Dr Alice CHEN - Auxogyn, Inc. UNITED STATES
Dr Alice A. Chen is the Head of Biomedical Research at Auxogyn, Inc., a Silicon Valley startup that is advancing the field of reproductive health through its uniquely combined knowledge of early human developmental biology, advanced computer vision technology and best clinical practices. Dr Chen has worked for over a decade at the interface of engineering and biomedicine to help develop new systems to model, diagnosis and treat human development and disease. Her specific areas of interest include regenerative medicine, cell and tissue biology, drug development, and micro/nano devices.
Dr Chen holds a Ph.D. in Biomedical Engineering and Medical Physics from Harvard and MIT, S.M. in Engineering Sciences from Harvard University, and B.S. in Bioengineering from the University of California, Berkeley. She has been honored internationally for her research, innovation and community impact and is also passionate about inspiring today’s youth to pursue careers in science, engineering and entrepreneurship.
Project: Non-invasive, automated aneuploidy screening in human embryos
The optimal goal of IVF is a single healthy baby. Embryo viability assessment based on time-lapse imaging can improve embryo selection; however, the relationship among viability, implantation and chromosome content (ploidy) is still under investigation. Pre-implantation genetic screening (PGS) is useful to diagnose ploidy, but it is invasive to the embryo and limited to specialized laboratories.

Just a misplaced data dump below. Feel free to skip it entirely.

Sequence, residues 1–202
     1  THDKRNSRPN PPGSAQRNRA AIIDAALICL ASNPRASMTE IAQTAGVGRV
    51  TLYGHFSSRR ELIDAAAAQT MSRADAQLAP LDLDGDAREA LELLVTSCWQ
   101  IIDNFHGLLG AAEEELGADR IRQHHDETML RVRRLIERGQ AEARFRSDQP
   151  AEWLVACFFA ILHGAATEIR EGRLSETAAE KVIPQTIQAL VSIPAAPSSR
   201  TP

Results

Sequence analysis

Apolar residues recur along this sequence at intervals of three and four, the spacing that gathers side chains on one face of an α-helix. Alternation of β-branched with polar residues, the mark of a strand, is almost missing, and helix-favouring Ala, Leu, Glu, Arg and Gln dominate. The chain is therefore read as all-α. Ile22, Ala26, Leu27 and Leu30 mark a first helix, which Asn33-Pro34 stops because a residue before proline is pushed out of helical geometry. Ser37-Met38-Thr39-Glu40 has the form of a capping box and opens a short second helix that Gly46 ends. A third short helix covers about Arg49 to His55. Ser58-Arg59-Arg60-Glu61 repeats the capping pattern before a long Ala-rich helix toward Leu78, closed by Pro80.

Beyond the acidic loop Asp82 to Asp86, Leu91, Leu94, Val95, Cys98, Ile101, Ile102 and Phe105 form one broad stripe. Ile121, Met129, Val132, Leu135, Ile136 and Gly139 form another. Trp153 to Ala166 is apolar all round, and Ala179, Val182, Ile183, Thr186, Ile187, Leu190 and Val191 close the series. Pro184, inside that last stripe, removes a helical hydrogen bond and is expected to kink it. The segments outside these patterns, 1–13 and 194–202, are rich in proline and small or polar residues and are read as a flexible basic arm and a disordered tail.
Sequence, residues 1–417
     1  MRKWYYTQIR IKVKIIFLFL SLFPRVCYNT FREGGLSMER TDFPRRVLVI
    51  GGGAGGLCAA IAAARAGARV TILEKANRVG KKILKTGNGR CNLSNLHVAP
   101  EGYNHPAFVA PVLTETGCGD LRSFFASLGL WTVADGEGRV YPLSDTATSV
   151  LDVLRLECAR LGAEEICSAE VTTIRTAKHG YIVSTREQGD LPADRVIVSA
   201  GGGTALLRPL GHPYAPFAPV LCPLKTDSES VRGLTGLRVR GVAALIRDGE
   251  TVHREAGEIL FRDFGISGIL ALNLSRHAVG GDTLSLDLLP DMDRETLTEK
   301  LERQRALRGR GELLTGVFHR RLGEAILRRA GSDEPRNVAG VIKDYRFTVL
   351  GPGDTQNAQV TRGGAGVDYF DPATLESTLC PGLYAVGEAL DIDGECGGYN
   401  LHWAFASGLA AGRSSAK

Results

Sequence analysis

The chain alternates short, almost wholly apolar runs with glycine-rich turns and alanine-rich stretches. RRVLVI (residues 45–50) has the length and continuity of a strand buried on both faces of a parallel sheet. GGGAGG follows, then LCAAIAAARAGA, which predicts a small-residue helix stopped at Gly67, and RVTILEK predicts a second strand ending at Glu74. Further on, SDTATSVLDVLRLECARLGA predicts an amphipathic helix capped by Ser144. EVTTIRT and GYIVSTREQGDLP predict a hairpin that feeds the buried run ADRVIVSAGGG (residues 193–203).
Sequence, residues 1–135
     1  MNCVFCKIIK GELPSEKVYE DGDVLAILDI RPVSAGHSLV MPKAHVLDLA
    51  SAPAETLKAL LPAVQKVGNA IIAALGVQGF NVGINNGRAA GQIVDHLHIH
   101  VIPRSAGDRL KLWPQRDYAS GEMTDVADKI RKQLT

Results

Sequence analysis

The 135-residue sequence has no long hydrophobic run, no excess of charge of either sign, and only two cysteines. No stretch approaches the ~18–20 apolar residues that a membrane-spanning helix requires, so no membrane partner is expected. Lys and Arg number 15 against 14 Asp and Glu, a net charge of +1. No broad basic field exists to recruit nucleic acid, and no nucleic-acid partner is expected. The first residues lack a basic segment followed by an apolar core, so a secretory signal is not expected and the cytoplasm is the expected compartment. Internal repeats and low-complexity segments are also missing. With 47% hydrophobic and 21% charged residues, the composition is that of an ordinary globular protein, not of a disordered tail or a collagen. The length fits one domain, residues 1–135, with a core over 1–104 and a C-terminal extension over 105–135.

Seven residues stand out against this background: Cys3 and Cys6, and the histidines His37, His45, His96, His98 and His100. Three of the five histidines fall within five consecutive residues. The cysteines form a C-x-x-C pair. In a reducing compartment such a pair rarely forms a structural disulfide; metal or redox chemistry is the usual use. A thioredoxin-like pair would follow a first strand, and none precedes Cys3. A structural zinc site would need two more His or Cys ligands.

The objectives of this project are to (1) examine whether embryo viability markers from time-lapse imaging correlate with ploidy, implantation and live birth, and (2) leverage validated computer vision technology toextract the relevant parameters and develop a non-invasive automated method for aneuploidy screening. This will be a retrospective study of 100 patients undergoing IVF, time-lapse imaging to the blastocyst stage, trophectoderm biopsy with PGS as recommended by a reproductive endocrinologist, and embryo transfer. Embryo imaging data will be evaluated for a distinct set of time-lapse parameters shown to predict viable blastocyst formation [1-3] and ploidy at the 4-cell stage (including a novel fragmentation parameter detectable by computer vision tracking algorithms) . The parameters will be automatically extracted and evaluated against various endpoints, including: ploidy, implantation, clinical pregnancy, ongoing pregnancy, multiple pregnancy and spontaneous miscarriage. In order to monitor outcomes for transferred embryos, maternal serum will be collected at 9 weeks of gestation for free fetal DNA fingerprinting.
A non-invasive, automated aneuploidy screening tool may help patients improve the odds of bringing home one healthy baby. This study will also advance basic science, improve clinical decision trees for embryo selection, and assist embryologists in their clinical workflow by reducing the need for manual image analysis.